Horizon scanning is one of those things that, for a mix of reasons – temperament, capability, resources etc – can mean something different to different people. Almost whatever sort of horizon scanning you do, Brexit has potential to expose its limitations.
Firms and regulators all have an interest in doing horizon scanning better, and in understanding each other's approach. Here are five ideas that might help:
1. It’s a broad universe: It’s always worth clarifying what sort of horizon scanning you’re talking about. Here are the main definitions I’ve come across - not comprehensive, and sometimes there’s a combination, or a blurring of lines between one or more:
- The schedule of new UK regulation due over the next 2 years
- The schedule of new global legislation due over the next 5-10 years
- Possible impacts of the UK/Global economy, usually based on a range of forecasts
- A range of political risks, usually drawn from existing situations or pressure points
2. There aren’t many black swans: As well as a statement of the obvious, it’s also true that horizon scanning rarely considers the possibility of the genuinely unexpected. The Brexit referendum and Trump’s election victory both fell into this box for many. So, now, does their reversal, with both having been largely normalised
3. Aggregation is difficult: This affects virtually everyone, and is another of the main reasons why discussions about horizon scanning are frequently at cross purposes. Attempts to look at the cumulative effect of future regulation are uncommon, with many find it hard to get their arms around each the scheduled new regulations individually. Anything further therefore, tends to be a step too far.
4. Politics, economics and regulation are usually kept separate: Sometimes, organisations do only one of these, and rarely do they look at them in the context of each other. This is partly influenced by the band width of the organisation but also by the fact the analysis is often done by different areas. Brexit arguably makes such a separation all but untenable.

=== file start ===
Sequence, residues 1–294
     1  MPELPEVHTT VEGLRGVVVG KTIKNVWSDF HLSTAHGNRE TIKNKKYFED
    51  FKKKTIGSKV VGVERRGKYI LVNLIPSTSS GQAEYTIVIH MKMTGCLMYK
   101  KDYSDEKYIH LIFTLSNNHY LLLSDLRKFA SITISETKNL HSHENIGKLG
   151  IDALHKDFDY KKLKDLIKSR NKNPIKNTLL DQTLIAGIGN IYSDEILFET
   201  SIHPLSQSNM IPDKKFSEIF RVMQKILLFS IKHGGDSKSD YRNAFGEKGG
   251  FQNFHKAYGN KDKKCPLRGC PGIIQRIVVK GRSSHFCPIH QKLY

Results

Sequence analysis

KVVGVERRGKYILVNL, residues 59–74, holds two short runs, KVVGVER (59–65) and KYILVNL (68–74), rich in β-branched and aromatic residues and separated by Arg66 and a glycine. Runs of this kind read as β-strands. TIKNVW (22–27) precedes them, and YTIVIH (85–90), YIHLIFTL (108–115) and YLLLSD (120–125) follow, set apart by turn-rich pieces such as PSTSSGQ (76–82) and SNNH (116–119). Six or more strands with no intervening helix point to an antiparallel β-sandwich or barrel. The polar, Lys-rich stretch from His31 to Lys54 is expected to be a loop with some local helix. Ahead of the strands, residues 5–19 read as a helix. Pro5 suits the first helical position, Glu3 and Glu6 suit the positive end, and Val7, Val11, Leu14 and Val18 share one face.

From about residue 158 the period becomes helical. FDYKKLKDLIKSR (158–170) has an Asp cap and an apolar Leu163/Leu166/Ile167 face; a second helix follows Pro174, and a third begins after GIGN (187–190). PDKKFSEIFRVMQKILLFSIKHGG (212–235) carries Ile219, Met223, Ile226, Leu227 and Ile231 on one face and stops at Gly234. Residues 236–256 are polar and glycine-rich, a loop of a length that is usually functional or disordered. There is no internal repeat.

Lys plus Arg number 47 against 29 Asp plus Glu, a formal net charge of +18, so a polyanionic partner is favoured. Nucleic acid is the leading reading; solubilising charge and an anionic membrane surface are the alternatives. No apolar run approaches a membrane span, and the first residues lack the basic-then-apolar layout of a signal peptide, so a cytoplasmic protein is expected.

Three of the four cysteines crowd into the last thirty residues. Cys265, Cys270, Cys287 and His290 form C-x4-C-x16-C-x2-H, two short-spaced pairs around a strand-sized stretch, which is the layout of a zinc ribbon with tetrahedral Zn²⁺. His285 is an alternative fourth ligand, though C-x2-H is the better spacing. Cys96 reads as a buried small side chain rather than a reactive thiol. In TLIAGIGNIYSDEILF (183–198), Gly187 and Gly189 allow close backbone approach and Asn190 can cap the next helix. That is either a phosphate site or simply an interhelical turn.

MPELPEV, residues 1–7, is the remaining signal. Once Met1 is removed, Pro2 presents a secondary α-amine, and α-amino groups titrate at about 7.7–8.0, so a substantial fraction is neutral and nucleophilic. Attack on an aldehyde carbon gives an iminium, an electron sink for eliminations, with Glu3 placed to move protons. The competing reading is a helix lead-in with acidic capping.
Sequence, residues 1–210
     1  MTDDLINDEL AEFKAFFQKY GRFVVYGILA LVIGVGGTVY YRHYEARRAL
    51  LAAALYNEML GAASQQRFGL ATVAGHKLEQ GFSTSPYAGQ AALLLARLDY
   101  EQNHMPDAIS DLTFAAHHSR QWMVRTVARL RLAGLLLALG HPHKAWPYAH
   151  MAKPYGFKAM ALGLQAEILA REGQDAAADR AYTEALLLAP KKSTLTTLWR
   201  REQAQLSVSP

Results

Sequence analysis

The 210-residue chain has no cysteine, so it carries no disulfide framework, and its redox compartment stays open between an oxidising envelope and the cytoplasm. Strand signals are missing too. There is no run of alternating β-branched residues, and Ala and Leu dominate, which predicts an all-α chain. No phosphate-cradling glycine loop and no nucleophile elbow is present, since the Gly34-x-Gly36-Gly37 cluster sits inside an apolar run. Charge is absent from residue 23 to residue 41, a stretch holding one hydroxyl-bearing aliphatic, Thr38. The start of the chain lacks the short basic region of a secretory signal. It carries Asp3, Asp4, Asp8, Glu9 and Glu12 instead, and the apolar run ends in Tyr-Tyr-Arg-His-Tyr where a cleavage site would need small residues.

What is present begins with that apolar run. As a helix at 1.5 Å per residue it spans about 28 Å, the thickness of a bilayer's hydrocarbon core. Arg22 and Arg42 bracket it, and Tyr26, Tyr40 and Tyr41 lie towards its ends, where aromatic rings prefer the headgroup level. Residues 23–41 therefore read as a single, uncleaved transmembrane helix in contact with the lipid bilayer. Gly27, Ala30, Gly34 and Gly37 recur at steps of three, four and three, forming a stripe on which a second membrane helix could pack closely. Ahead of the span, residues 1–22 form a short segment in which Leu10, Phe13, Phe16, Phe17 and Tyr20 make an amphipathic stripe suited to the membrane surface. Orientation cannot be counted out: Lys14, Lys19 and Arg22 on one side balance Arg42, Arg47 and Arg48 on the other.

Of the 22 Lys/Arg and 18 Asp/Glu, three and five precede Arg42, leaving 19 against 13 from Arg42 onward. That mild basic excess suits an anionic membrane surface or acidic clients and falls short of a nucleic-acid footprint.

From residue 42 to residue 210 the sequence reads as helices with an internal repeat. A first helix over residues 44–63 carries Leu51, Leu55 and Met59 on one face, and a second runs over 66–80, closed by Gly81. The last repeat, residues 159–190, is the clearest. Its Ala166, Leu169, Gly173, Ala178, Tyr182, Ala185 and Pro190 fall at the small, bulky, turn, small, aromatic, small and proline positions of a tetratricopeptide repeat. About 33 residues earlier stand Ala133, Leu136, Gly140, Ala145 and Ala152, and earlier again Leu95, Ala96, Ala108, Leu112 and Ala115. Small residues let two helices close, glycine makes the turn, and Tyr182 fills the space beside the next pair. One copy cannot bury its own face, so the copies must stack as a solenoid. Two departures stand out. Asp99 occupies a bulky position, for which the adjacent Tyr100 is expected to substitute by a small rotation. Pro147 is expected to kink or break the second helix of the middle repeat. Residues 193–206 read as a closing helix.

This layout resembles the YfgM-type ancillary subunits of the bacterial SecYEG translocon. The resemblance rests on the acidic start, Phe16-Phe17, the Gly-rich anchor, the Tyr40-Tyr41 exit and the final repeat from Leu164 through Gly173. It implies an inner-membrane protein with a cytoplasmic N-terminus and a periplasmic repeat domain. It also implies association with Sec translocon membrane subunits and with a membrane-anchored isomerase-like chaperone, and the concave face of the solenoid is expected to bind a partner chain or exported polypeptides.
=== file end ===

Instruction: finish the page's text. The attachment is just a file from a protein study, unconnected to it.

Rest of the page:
5. The length of horizon often differs: This applies within as well as between organisations. A core reason is that official due dates are taken as a given until and if they change. On the regulatory side, this has limited cost – being ready a year early because the implementation date gets pushed back is rarely a problem. But the uncertainty around Brexit dates, also an issue in itself, also casts additional doubt over a range of other schedules.
The uncertainties of Brexit, both the inherent ones and those stemming from how it is playing out, are making horizon scanning increasingly complex. And political risk elsewhere is also rising. Factoring the impact of any of this into your organisation’s business model can quickly become self-defeating and, as a friend pointed out recently, there is real danger in creating a pseudo-science to connect everything up. And properly recognising what you don’t know is valuable in itself.
Nevertheless, in an environment where uncertainty seems increasingly normal, organisations, and their Boards and senior management, will need to spend more time and effort on understanding what is likely to be coming down the track and the dependencies between them.
Building a common language and level of understanding around what is involved in horizon scanning would help firms and regulators alike.
Britain is nearing the final straight of Brexit. At 11pm local time on March 29 2019, the UK is scheduled to leave the bloc. But still to be decided is what precisely will happen on Brexit day, what kind of deal, if any, Britain will leave with, and the final destination of the negotiations.